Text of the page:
Nothing much wrong with that. But…. just try actually finding the offences of ‘Common assault’ or ‘Battery’ in the Offences against the person Act itself. Surely they must be defined along with the rest of the assault offences? No such luck! In fact these two lesser assault offences are not defined under statute at all but are again defined only at common law by the courts (see for example Fagan vs Metropolitan Police Commissioner ). It makes you wonder why Parliament when enacting the Offences Against the Person Act didn’t feel compelled to actually complete this particular picture. Perhaps it was sidelined with fierce debate on the curious offence of impeding a person endeavouring to save themselves from a shipwreck!
The offence of Common Assault does however find its way into other statutes including s.39 of the Criminal Justice Act 1988 which while also failing to define the actual offence does deal with the judicial level at which the offence is to be tried and the sentencing structure to be applied on conviction. This only demonstrates again a fragmentation of authorities regarding a single offence, and a picture which can only be completed by researching numerous different sources.
As a law graduate who has not yet entered practice, the true depth of my knowledge on the law remains limited. I know a lot, but in turn I also know very little. I do however know a disorganised and confusing ‘system’ when I see it, and I do know that while I may have the knowledge and benefit that my degree training gives me to understand the various issues and legal sources marginally outlined above, without the benefit of such education I would likely not have the first clue regarding any of the sources of law, how they are interpreted or how they work together.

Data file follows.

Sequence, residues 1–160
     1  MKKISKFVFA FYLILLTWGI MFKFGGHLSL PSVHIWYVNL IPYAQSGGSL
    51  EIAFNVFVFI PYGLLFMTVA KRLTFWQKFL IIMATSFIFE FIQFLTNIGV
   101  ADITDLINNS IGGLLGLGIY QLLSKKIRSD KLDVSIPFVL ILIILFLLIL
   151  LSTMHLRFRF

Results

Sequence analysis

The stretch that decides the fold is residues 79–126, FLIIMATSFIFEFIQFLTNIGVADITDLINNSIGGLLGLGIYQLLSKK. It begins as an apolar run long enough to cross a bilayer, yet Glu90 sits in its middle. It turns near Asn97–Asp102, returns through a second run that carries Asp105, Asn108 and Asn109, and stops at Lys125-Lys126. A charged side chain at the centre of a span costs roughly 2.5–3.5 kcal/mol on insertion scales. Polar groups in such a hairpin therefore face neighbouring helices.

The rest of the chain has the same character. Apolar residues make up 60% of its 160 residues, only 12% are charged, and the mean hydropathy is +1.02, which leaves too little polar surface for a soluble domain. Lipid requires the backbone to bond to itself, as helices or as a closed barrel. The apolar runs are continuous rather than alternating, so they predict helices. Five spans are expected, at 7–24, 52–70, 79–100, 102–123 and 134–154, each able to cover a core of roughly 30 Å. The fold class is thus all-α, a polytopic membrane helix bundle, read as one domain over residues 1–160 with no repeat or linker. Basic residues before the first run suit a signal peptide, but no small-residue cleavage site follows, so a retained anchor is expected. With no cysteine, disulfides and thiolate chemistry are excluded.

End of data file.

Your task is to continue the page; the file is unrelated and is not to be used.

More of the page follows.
I would therefore have great difficulty in either knowing what the law says or how to interpret it and would effectively be rendered ignorant. The question is, given the disorganised nature of English law sources, could I then be said to be ignorant by choice and therefore deserving of liability, or could I be said to have been subjugated by a legal system of which my ability to understand would be heavily compromised without some formal training? Personally I do not believe that individuals should have to have a formal legal education to be able to understand the law, but by its nature the system we have necessitates it to a certain extent.
Understanding the law is however only a part of the problem, in order to understand it, we have to first be able to find and access it in an accurately transcribed format. Here in lies another major problem with the legal system in England and Wales.